Lake Victoria water quality and fisheries impact livelihoods and health of local communities. Lake Victoria, surrounded by Uganda, Tanzania, and Kenya, represents the largest tropical lake by surface area in Africa and supports the largest freshwater lake fishery in the world. Population growth, land cultivation, nutrient pollution, climate variability, resource extraction, intensive fishing and other stressors have dramatically altered water quality and fisheries ecology, affecting 30 million people living around the lake. Satellite imagery and direct observation show harmful algae blooms and water hyacinth invasions, which can negatively impact livelihoods and health.

Ecological, health, and economic effects disproportionately place the burden of compromised water quality on women.

The Seed Grant will be used to investigate the interrelationship between these two ecological realities and empower communities through women-led initiatives and interventions to reduce impacts on fisheries livelihoods and community health. Focus groups and economic surveys within impacted communities will identify management strategies and establish a platform in which to empower women to reduce community health risks.

Analysis of fish tissues for cyanotoxins, heavy metals, and pesticides will provide an assessment of health risks for local and global consumers. Historical data, water quality surveillance, satellite imagery, and experimentation will be utilized to investigate the complex relationship between water hyacinth and cyanobacterial-associated health risks. Expected outcomes include publications, formation of partnerships for community based participatory research, identification of intervention strategies to improve water quality locally, establishment of a database for monitoring data and satellite imagery, and hypothesis testing of potential low-cost predictors of health risks associated with harmful blooms. The seed grant findings, establishment of community trust, and formation of collaborations will provide foundation for subsequent NSF and NIH solicitations.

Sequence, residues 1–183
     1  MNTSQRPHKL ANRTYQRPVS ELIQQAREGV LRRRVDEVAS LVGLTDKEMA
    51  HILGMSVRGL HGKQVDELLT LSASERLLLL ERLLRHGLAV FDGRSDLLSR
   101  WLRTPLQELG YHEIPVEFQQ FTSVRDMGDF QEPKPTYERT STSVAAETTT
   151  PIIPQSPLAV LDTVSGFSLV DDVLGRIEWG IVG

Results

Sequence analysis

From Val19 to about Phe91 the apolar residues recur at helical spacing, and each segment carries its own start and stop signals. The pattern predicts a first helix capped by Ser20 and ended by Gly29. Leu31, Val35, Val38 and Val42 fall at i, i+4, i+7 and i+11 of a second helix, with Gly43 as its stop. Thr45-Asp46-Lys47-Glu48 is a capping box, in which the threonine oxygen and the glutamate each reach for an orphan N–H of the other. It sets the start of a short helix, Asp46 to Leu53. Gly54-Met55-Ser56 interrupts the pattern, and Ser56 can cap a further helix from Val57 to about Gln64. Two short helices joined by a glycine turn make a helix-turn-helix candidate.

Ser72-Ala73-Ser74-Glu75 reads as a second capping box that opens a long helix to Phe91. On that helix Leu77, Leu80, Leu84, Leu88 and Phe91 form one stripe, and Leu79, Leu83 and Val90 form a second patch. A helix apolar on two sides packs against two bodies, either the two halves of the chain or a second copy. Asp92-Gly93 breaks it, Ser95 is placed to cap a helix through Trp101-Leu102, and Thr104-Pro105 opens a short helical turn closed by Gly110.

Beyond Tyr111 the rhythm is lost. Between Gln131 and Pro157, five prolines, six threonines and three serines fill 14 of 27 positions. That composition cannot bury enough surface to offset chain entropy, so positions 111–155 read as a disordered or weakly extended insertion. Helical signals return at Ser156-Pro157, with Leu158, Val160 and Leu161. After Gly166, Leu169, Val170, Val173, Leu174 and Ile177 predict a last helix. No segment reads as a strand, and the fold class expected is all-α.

POLLUTED FISH AND CYCLES OF POVERTY: TRACING THE GLOBAL SCOPE OF MERCURY CONTAMINATION OF FISHERIES

Principal Investigators: Peter McIntyre, Ph.D., assistant professor, Center for Limnology; James Hurley, associate professor, Civil and Environmental Engineering; director, UW Aquatic Sciences Center

This project addresses an unrecognized facet of the cycle of poverty: contamination of food fish with neurotoxins. Mercury from global and local sources biomagnifies in fish, and even low dietary levels can impair human cognitive development. The investigators will analyze archived tissues from four continents, yielding an overall assessment of the threat posed to hundreds of millions of poor people.

Pilot data reveals that mercury concentrations in Central Africa vastly exceed recommendations, and levels in most other regions are sufficient to threaten the health of women and children if consumed weekly. To elucidate needs for building awareness and creating regional consumption advisories, investigators will pursue three specific objectives:

  • assess the geography of mercury contamination of subsistence fisheries,
  • test whether simple correlates of contamination levels could be used to design appropriate advisories, and
  • quantify mercury stable isotopes to trace sources of contamination at each site.

Together, these efforts will set the stage for a major initiative to document and publicize the safety of eating wild-caught freshwater fish. Without such awareness, cognitive impairment of people who depend on subsistence fisheries will further reduce their odds of rising out of poverty.